This had to happen sooner or later. The rupee nearing the 60 mark against the dollar was an event waiting to happen. There is nothing positive in the economy, apart from lip service from the government, that merited the rupee to hold at the 52-55 range. What triggered the slide this time around was the strengthening dollar on the back of rising interest rates in the US.
Interest rates in the US started rising after Ben Bernanke, chairman of the Federal Reserve, hinted that there can be a slowdown in bond buying after a strong set of economic numbers were reported. As US bonds crossed the 2 per cent mark, Indian bonds were touching new lows. Bond yield on the 10-year 7.16 per cent benchmark paper traded below 7.14 per cent. With hedging costs over 6.5 per cent (and rising on account of renewed volatility), there was little reason for arbitrage in bond markets, which led to a reversal of dollar flow from Indian bond markets. Analysts are now expecting over $1.5-2 billion of bond sales. The government's plan of reducing the withholding tax on bonds proved of little help under these conditions.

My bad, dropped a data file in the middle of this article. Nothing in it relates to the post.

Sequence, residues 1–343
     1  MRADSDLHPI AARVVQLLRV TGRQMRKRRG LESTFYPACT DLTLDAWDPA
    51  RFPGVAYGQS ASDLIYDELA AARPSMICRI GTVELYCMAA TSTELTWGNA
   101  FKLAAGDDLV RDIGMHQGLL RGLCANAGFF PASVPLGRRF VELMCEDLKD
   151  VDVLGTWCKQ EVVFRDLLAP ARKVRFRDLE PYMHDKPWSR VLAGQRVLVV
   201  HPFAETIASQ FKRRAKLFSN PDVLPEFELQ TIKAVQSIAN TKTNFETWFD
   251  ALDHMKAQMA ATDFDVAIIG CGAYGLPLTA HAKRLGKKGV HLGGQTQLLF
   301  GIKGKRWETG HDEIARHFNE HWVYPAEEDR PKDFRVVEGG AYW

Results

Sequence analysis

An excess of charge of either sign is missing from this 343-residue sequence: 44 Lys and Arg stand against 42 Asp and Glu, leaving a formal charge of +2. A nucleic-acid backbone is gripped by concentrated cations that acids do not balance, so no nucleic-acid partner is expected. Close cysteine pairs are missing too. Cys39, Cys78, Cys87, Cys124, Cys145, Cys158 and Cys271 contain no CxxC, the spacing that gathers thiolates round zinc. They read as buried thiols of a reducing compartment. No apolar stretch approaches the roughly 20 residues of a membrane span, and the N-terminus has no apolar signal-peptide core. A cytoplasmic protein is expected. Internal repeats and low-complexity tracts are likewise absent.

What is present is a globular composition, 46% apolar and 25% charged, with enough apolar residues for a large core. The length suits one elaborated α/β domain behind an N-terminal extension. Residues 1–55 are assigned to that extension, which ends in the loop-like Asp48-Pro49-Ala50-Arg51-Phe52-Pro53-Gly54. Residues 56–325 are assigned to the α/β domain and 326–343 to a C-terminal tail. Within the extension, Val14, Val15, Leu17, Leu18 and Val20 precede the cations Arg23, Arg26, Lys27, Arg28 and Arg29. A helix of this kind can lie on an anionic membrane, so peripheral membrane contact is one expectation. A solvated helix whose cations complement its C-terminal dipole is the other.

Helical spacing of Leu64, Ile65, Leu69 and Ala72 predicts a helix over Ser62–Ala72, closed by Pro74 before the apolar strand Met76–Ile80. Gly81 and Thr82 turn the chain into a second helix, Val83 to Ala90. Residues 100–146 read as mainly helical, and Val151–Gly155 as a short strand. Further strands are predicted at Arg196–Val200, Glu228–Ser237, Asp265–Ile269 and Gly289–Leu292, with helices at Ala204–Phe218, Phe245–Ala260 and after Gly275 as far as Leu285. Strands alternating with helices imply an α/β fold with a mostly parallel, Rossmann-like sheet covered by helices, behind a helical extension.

The rupee at new low brings with it a new set of problem for the fragile economy. It imports inflation, and it makes debt repayment both for the corporate and government costlier. It raises the current account deficit and along with it the fuel and fertiliser deficits, thus further impacting the fiscal deficit. India's twin deficits will just get worse.
Added to these woes are the other set of poor numbers like reduced auto sales, lower indirect tax collection, falling deposit rates and weak corporate results. Further, a falling rupee also reduces RBI's flexibility on reducing interest rates. With reports saying that there are no signs of an investment pick-up after a blip in the previous month, there is little reason to be optimistic.
With elections less than a year away, the government has little time to bring the economy back on track and revive investments before the Election Commission clause of not making new announcements are triggered. In order words there is little time before 'policy paralysis' is actually triggered.
The eight per cent plus drop in the value of rupee has only made the economy weaker and vulnerable. Doesn't it then makes it a good case for a downgrade?